Trusting God for Deliverance When Terror Looms


When in an impossible situation, how do you respond? How do you trust God when your hope is gone?

Those are questions that the prophet Habakkuk asked during the situation he wrote the biblical book that bears his name.

Habakkuk first asked God how he can tolerate the violence and wickedness among His people in Judah. God’s response was that He had a plan: to send the notorious Chaldeans to come and judge His people. This wasn’t the answer Habakkuk was looking for, and he proceeded to complain again to God and ask how God can punish His wicked people with a nation even more wicked.

God replied that after they judge His people, they would be judged for what they do and that the righteous will live by faith (Habakkuk 2:4). Habakkuk 3 records the prophet’s vision of the warrior God coming to judge His enemies and save His people. Habakkuk is able to confess trust in the Sovereign God:

I hear, and my body trembles;
my lips quiver at the sound;
rottenness enters into my bones;
my legs tremble beneath me.
Yet I will quietly wait for the day of trouble
to come upon people who invade us.
Habakkuk 3:16

Jorge’s Story of Trust

In January of this year, our Honduras team and students had a powerful time contemplating these truths during training in Habakkuk. Habakkuk’s situation is so much like the situation in Honduras – with wickedness, violence, and injustice everywhere. The situation in Honduras made the international news weeks before the training when Miss Honduras and her sister were brutally murdered.

During our training, a pastor learning biblical exposition with us named Jorge preached on Habakkuk 3 and shared a powerful personal story of how God taught Him to quietly trust God for deliverance when terror looms.

Jorge-Guillen-2-300x199Several years ago, there was a notorious gang member in our city. I knew who he was.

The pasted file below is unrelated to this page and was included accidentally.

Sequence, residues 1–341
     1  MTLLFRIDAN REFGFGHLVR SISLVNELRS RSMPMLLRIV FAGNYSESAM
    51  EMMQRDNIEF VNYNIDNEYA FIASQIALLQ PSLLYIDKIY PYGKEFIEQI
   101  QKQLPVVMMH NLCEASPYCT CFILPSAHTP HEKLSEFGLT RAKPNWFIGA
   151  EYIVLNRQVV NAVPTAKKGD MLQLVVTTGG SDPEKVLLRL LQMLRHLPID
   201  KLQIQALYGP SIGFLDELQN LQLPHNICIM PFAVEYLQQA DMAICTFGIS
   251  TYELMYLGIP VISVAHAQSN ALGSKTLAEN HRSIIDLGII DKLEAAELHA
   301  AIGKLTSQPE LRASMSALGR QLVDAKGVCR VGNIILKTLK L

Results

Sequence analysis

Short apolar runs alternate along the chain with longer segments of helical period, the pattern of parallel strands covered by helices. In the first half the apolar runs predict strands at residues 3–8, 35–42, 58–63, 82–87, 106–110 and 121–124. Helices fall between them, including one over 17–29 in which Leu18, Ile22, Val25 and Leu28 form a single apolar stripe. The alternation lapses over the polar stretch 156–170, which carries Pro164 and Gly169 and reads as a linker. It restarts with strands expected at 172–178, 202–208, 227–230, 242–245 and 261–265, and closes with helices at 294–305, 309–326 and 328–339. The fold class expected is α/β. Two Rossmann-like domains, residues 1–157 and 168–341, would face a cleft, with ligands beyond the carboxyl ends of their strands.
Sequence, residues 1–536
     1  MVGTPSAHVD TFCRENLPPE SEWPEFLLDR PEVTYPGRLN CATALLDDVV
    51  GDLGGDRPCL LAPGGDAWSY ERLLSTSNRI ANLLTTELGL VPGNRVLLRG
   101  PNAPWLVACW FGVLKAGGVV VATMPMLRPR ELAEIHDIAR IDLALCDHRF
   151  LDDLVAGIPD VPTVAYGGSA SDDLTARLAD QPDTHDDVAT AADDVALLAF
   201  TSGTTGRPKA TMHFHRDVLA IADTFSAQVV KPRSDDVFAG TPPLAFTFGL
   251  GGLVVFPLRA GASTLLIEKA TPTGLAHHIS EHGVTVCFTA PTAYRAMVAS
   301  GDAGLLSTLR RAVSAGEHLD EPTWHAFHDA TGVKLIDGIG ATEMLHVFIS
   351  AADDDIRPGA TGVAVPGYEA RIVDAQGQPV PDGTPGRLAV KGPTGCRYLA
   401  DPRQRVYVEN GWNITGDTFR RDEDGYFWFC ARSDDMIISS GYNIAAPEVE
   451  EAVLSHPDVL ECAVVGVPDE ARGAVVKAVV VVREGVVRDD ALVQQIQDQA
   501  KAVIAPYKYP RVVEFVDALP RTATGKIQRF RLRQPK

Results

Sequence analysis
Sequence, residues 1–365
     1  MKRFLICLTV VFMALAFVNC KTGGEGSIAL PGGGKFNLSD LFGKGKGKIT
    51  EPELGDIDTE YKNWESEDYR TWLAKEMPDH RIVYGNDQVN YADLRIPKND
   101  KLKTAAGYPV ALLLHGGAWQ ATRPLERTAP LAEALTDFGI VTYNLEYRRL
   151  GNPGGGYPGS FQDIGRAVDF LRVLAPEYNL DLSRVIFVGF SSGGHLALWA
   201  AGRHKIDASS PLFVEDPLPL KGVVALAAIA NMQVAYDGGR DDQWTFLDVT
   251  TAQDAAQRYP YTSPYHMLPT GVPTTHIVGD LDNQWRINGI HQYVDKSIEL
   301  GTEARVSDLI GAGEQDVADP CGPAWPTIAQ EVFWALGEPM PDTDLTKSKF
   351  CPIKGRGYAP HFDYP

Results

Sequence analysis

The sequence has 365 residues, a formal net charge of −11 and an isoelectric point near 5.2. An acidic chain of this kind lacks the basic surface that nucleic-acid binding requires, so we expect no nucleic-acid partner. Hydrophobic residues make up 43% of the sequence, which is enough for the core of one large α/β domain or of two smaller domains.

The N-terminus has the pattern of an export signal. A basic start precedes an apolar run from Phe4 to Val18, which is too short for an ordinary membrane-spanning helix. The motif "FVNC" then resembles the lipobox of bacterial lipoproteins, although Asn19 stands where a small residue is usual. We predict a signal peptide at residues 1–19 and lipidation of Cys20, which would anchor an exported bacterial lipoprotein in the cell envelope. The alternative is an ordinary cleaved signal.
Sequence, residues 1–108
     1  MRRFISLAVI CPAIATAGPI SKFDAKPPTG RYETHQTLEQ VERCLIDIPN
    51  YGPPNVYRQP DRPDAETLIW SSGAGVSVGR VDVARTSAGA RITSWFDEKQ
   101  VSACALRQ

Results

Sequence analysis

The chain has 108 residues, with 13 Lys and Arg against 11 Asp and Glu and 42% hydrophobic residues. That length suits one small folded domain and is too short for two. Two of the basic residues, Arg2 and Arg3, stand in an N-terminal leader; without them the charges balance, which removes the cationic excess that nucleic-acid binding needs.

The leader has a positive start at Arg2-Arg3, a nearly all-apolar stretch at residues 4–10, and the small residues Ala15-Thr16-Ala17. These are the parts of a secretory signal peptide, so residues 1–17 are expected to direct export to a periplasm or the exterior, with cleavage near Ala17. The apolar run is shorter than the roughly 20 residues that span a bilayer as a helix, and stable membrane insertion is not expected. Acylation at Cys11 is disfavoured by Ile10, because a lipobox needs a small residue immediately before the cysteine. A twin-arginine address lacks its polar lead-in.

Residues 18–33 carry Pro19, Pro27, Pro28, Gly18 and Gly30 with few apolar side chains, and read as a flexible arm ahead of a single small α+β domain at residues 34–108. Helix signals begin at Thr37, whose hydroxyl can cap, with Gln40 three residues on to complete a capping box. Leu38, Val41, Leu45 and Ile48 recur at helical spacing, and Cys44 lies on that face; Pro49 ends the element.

Once, while we were at church, he got into my house and took everything – he even took my stove.

And he left me a note which said, “You know who I am. You know who got into your house. If you tell the police, your wife and your daughters will pay.”

His threat pushed me to think in a human – and very fleshly – way. I talked with my brother, who was not a Christian back then. He came to my house, and he gave me a big shotgun and bullets.

Every night for one week I went to the outside of my house and waited for that gang member to show up so I could shoot him…

Every night for one week I went to the outside of my house and waited for that gang member to show up so I could shoot him, because I said in my heart that I was going to kill him. I was saying, “God, this guy is a parasite for society. And someone has to remove him, and if he’s going to mess with my family, well, I should better do something first.”

I remember one morning, I went outside of my house to read the Bible. And I opened my Bible to chapter 14 of Exodus. And in Exodus 14:14, it says, “The LORD will fight for you, and you have only to be silent.”

With that verse, God changed my heart and my way of thinking. I called my brother and told him,

“Come, pick up your gun. I don’t need it. God will fight for us.”

“Come, pick up your gun. I don’t need it. God will fight for us.”

One week after reading that Scripture and God changing the attitude of my heart, the man was killed.

He was shot with 80 bullets, and he was dead. Of course, he was killed because he was a robber. I didn’t thank God for that. I did understand that God was protecting me and my family. He will fight for us.

And in Habakkuk 3:3-15, Habakkuk presents God as a warrior, as the God who fights for us, as a God that makes things better than we can with our own strength.

Habakkuk’s words are full of poetic figures that connect with all the historical acts that God has done – when He opened the Red Sea, when He stopped the sun for Joshua, when He gave water from the rock for his people, when God provided food for his people. Habakkuk is saying, “This is the God who will fight our wars against our enemies.”

God will fight for us.

Jorge’s faith in that powerful truth stopped him from doing something he would regret the rest of his life, and is a great illustration of a key theme in Habakkuk, that, “the righteous will live by faith” (Habakkuk 2:4).

Habakkuk-3-18-19-Sermon-Illustration-Trusting-God-300x295Whether you have endured a situation similar to Jorge’s or not, God will fight for you and you can confess the following words of Habakkuk in faith:

Though the fig tree should not blossom,
nor fruit be on the vines,
the produce of the olive fail
and the fields yield no food,
the flock be cut off from the fold
and there be no herd in the stalls,
yet I will rejoice in the Lord;
I will take joy in the God of my salvation.
God, the Lord, is my strength;
he makes my feet like the deer’s;
he makes me tread on my high places.
Habakkuk 3:17-19

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Kevin Halloran

Servant of the Word. Husband. Blogs weekly at Anchored in Christ. Content Strategist/Trainer in Latin America with Leadership Resources International.